The audience was thrilled to hear from civil rights pioneer Coretta Scott King, widow of Dr. Martin Luther King, Jr., who has continued her husband's struggle for justice and human dignity. Congressman Edward Markey concluded the morning's program, moderating a discussion of social entrepreneurship that gave the Academy's student Honor Delegates the opportunity to discuss their own contributions to their communities.
After luncheon, the gathering returned to the Ballroom at the Peninsula Hotel, where they heard from three recipients of the Pulitzer Prize. The first was the novelist, essayist and poet John Updike. His fellow Pulitzer Prize recipient, New York Times columnist Maureen Dowd, was inducted into the Academy that afternoon. Later in the afternoon, Norman Mailer, recipient of Pulitzer Prizes for both fiction and non-fiction, offered an uninhibited dissenting view of the honors bestowed on the late President Ronald Reagan.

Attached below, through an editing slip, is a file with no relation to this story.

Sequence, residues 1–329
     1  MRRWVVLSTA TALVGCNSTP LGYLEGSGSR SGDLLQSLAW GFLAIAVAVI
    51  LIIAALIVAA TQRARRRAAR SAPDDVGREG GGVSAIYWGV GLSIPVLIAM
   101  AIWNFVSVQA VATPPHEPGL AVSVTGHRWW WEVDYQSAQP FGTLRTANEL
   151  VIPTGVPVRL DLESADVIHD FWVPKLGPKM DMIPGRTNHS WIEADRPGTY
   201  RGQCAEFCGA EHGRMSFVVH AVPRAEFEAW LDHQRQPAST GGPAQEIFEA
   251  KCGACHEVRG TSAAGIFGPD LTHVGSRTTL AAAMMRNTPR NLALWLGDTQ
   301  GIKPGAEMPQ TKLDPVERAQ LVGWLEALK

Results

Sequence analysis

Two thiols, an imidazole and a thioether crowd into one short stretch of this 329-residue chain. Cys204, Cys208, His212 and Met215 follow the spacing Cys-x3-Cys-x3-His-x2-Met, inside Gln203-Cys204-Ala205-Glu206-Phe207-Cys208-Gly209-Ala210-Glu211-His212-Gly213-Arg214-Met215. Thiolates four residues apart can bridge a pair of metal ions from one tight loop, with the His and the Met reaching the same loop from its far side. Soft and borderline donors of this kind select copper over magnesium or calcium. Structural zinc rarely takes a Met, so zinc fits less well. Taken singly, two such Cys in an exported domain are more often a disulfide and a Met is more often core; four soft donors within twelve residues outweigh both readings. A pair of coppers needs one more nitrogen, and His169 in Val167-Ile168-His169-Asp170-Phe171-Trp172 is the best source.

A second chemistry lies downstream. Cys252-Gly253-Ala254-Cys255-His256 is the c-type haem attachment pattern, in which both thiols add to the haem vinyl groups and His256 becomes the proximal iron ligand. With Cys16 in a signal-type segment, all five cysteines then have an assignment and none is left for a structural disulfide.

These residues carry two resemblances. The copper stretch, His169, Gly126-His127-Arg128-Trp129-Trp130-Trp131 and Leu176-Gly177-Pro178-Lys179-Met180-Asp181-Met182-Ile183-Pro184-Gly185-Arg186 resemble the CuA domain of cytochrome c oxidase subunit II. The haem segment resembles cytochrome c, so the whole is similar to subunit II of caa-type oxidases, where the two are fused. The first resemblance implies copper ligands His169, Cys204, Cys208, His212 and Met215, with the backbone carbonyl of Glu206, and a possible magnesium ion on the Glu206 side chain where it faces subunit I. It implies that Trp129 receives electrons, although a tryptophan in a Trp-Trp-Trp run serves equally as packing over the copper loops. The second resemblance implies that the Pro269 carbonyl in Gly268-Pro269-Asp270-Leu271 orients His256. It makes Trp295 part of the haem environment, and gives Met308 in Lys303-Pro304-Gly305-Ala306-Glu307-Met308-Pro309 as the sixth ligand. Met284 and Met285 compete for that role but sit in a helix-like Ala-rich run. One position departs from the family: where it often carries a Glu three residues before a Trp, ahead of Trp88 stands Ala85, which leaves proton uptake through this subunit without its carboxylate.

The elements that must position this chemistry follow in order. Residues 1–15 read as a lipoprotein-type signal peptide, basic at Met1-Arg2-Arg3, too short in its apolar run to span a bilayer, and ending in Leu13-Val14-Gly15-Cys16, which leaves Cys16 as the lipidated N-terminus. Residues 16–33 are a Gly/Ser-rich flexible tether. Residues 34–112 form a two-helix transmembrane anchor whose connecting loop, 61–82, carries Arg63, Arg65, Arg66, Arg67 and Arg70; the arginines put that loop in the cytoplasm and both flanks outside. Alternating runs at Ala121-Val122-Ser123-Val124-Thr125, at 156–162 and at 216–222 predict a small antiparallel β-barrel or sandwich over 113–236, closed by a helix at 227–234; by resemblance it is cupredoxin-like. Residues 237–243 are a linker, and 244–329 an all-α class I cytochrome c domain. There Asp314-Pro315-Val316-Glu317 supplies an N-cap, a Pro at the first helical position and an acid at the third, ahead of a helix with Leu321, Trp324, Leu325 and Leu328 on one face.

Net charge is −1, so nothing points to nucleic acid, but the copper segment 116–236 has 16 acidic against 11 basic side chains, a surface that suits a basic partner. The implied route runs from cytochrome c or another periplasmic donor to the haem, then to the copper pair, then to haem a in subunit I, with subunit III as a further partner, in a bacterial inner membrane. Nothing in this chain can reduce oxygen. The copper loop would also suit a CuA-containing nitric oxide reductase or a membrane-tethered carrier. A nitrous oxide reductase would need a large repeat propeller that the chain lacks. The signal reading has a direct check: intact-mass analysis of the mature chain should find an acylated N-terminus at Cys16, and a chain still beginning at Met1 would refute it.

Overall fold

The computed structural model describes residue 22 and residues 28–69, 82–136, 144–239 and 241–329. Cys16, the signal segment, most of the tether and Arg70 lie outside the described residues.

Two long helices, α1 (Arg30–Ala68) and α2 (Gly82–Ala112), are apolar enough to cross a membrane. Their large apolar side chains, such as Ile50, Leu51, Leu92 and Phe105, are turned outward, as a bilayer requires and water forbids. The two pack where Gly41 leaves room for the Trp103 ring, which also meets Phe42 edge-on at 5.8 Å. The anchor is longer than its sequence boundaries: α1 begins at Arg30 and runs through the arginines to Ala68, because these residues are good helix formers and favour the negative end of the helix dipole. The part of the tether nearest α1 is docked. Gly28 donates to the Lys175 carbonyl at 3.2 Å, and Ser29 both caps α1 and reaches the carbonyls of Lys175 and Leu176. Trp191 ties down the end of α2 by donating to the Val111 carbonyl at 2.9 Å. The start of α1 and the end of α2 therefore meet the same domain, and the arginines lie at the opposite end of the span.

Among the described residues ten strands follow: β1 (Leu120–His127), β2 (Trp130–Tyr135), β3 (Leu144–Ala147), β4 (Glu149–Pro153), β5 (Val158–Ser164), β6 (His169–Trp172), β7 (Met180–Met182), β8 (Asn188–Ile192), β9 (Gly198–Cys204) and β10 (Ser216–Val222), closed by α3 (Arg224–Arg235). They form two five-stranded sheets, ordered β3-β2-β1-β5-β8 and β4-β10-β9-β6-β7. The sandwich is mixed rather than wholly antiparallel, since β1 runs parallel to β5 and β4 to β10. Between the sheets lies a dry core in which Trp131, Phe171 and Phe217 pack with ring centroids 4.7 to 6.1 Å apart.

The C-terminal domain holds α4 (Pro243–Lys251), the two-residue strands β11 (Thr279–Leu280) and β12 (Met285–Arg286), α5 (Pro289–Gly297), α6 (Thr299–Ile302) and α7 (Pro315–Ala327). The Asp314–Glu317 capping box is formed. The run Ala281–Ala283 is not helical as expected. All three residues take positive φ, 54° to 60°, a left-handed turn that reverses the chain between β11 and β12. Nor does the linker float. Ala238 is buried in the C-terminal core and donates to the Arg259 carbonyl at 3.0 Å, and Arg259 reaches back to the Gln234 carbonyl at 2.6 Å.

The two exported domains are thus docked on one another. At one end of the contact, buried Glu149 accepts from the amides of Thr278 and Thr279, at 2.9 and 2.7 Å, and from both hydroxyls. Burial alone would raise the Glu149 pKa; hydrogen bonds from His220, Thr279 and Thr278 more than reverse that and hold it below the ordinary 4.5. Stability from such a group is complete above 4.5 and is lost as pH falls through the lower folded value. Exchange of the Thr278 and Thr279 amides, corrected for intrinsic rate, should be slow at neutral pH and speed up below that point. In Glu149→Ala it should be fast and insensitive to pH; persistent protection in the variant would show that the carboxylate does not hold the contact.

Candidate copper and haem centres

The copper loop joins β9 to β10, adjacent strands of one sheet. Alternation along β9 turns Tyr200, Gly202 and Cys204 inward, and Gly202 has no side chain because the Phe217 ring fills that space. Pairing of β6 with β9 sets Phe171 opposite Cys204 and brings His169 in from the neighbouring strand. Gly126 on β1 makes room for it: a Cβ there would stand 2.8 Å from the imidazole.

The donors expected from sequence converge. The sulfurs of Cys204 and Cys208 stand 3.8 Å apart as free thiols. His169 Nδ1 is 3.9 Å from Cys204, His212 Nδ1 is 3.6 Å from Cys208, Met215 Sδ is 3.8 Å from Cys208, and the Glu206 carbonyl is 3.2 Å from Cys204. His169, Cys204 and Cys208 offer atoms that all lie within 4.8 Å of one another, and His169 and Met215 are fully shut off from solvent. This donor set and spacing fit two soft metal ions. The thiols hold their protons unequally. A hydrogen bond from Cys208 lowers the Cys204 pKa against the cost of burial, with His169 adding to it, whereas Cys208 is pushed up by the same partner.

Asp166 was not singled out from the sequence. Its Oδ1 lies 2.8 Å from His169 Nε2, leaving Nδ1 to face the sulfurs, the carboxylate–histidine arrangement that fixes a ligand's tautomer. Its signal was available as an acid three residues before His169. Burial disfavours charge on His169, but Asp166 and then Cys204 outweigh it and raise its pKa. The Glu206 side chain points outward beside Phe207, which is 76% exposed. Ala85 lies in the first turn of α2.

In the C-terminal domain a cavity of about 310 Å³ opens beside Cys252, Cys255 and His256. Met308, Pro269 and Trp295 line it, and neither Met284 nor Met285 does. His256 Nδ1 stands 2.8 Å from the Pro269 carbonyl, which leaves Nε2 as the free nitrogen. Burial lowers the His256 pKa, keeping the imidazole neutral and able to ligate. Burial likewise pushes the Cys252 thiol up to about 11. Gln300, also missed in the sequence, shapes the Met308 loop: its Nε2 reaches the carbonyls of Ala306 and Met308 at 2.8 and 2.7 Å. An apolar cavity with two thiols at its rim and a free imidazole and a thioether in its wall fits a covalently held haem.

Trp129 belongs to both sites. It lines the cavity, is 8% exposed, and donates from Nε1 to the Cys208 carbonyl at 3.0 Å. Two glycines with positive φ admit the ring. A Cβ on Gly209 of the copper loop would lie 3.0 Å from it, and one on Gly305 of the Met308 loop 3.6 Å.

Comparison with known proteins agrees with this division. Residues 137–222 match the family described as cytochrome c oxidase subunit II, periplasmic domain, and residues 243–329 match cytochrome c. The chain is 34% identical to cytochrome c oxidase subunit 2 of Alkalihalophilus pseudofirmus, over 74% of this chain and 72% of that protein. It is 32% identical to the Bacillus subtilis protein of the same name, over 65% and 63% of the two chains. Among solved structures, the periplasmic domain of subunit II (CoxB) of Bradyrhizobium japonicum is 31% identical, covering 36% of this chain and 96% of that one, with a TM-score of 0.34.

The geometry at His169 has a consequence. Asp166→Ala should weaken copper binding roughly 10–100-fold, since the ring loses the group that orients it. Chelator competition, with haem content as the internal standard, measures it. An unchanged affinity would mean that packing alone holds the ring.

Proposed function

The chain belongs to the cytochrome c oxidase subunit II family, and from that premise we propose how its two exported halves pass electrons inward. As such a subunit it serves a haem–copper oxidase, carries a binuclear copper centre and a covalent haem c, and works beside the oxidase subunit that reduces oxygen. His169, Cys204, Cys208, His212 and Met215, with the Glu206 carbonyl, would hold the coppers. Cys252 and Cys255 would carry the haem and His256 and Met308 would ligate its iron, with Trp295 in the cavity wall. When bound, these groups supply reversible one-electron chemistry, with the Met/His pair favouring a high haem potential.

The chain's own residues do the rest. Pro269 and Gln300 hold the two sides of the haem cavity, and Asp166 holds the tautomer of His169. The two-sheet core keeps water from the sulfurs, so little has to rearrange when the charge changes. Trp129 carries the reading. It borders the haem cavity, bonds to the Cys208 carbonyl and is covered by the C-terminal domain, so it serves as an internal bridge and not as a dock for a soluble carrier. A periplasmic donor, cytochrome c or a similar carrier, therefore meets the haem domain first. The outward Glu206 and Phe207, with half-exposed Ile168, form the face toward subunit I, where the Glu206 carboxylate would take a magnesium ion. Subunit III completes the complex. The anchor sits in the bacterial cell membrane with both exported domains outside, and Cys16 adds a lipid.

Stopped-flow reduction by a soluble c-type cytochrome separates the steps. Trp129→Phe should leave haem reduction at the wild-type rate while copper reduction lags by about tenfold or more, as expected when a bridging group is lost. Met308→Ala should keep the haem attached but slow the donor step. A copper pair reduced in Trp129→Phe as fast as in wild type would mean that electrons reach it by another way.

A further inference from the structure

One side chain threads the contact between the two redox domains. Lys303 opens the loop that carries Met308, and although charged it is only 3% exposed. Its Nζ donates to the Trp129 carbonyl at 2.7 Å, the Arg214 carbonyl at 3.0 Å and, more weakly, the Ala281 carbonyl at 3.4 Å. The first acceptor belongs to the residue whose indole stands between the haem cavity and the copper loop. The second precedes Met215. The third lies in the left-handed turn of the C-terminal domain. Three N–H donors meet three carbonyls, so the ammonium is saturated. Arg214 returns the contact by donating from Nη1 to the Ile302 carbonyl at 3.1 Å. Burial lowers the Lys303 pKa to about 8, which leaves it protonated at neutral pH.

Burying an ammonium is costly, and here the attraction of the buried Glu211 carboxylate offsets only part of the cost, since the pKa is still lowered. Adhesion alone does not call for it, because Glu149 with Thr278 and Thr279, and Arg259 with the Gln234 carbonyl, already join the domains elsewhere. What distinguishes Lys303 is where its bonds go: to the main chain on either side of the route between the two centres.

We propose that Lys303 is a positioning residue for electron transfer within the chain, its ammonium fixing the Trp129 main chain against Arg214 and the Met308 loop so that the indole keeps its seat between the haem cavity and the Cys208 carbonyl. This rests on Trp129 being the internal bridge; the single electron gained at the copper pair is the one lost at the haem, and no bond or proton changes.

Europe's longest-serving leader, Prime Minister David Oddsson of Iceland, joined consumer advocate and presidential candidate Ralph Nader, Congressman Edward Markey and Nissan CEO Carlos Ghosn, along with inventors Paul MacCready and Dean Kamen, for a discussion of alternative energy solutions. During the course of the weekend, Dean Kamen, creator of the Segway personal transportation device, also demonstrated his latest invention, the IBOT, a wheelchair-like device that can climb stairs.
Later on Saturday afternoon, the President of Uganda, Yoweri Museveni, discussed the future of Africa with Archbishop Desmond Tutu, recipient of the Nobel Prize for Peace. Their discussion with the student Honor Delegates, which ranged among issues including the AIDS crisis, ethnic warfare, economic development and the growth of democracy, was moderated by the host of MSNBC's Hardball program, Chris Matthews.
Chris Matthews later led a panel discussion, "Building a Secure Middle East," with former Israeli Prime Minister Ehud Barak, Congresswoman Jane Harman, Prime Minister Recep Erdogan of Turkey, and the best-selling author and Middle East scholar Bernard Lewis.